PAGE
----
It should be pretty obvious, but if you find yourself in shark infested waters then stay in the boat. Also remember to keep your extremities inside the vessel at all times. If you’re unfortunate enough to capsize or fall in then do everything in your power to get back on, or in, the boat. Otherwise swim for a buoy, land, anything you can find. At this stage in the game you’re living on a prayer, so maybe say a few between strokes.

Have a first aid kit

Kayak first aid kits should be a standard part of your outfit. They’re typically equipped for the odd hook in the hand or sunburn. Band aids and aloe-vera aren’t going to be much help for you if you happen to escape a shark though. If you’re fortunate enough to escape a shark bite your next biggest risk is exsanguination, or bleeding out.

Once your out of the water the clock is ticking; your next priority is to get the bleeding under control. Add extra gauze rolls and a tourniquet to your kayak first aid kit. Tourniquets are typically an option of last resort. There’s usually a good chance the limb below a tourniquet won’t make it. But they are extremely effective in stopping bleeding and will buy you some time until help arrives.

Stay Out of Feeding Zones

According to National Geographic the majority of shark attacks take place within the first 100 feet from shore. Littoral zones are the preferred feeding ground for a large variety of fish. It’s also where seals tend to be their most vulnerable. They’re fighting the surf to get in/out from land and don’t have the space to outmaneuver a shark. All of these factors give sharks the upper hand in scoring an easy meal. Traversing the tidal zone is unavoidable for ocean paddlers. But keep an eye out for churning water or fleeing fish/seals. Those are typical signs of something big in the water.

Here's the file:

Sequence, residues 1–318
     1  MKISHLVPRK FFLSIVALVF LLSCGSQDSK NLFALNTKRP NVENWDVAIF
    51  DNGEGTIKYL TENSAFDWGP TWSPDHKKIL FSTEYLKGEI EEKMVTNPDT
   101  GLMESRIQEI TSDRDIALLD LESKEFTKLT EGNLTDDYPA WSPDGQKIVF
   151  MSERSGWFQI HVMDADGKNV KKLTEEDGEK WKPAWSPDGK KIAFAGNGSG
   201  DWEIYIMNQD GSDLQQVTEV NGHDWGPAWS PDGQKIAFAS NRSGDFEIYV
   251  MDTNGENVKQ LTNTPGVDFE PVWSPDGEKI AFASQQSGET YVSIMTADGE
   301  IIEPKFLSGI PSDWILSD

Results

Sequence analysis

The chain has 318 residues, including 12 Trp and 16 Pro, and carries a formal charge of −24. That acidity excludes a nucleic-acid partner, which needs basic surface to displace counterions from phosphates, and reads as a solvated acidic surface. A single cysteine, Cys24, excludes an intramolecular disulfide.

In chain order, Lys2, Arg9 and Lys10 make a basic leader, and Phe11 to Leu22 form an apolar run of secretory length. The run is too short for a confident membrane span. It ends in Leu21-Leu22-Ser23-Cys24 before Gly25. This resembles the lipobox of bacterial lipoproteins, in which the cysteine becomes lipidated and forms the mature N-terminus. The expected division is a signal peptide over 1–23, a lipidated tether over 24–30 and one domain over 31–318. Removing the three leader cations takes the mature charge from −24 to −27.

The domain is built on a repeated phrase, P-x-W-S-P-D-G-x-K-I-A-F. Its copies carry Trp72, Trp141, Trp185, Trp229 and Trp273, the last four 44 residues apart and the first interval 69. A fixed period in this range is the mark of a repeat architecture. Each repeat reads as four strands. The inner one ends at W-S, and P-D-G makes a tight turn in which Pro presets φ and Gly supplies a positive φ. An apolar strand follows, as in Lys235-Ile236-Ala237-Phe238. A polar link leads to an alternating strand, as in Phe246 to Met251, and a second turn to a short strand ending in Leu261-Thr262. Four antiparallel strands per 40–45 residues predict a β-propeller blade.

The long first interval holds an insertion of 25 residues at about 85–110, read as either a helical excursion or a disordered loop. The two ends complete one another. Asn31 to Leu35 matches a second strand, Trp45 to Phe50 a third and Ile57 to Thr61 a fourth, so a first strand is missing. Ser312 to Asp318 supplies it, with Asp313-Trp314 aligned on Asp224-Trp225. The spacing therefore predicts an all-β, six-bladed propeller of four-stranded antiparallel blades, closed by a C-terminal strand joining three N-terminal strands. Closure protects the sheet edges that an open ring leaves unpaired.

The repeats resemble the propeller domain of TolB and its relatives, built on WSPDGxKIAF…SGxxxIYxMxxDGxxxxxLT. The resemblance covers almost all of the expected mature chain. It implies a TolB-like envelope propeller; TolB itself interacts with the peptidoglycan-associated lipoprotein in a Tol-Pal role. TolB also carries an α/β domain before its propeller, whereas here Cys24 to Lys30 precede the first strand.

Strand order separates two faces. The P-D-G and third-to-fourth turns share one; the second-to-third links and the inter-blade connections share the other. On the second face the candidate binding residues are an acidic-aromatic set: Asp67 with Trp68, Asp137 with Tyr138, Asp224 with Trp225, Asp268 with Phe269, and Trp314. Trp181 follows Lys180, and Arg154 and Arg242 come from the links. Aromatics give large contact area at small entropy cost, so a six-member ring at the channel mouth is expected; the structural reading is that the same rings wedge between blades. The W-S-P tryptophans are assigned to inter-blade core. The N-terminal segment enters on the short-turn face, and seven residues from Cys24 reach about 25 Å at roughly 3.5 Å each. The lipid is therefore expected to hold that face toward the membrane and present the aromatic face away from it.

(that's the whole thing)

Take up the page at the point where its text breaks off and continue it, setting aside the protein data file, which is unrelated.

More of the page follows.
Overview on Kayak Shark Attacks

Photo courtesy of Shark Diving Xperts

We understand the fear behind shark attacks. The notion of getting snacked on by a massive animal with sharp teeth that you can neither see nor hear coming is simply terrifying. But your fear shouldn’t deter you from grabbing a paddle. Kayakers are far safer than surfers and swimmers from curious sharks. Attacks on kayaks are so rare that you’re more likely to walk away with an unforgettable story than bite marks.

In fact sharks have mroe to fear from humans than the other way around. For every human killed by a shark roughly 2,000,000 sharks are killed by humans. For a fish that’s been worshiped as a demigod and charged with protecting sailors we certainly haven’t returned the favor. As paddlers (and citizens) we’re responsible for protecting the ecosystems we recreate in and maintaining them for future generations.

One of the easiest ways to contribute to keeping sharks safe is to stay out of their way. Don’t fall victim to misinformation or unfounded fears. And stop people from perpetuating bad myths. Practice safe kayaking and always plan for the worst case scenario. Follow these guidelines and you’ll keep a healthy distance between you and the taxman, and keep him collecting for years to come.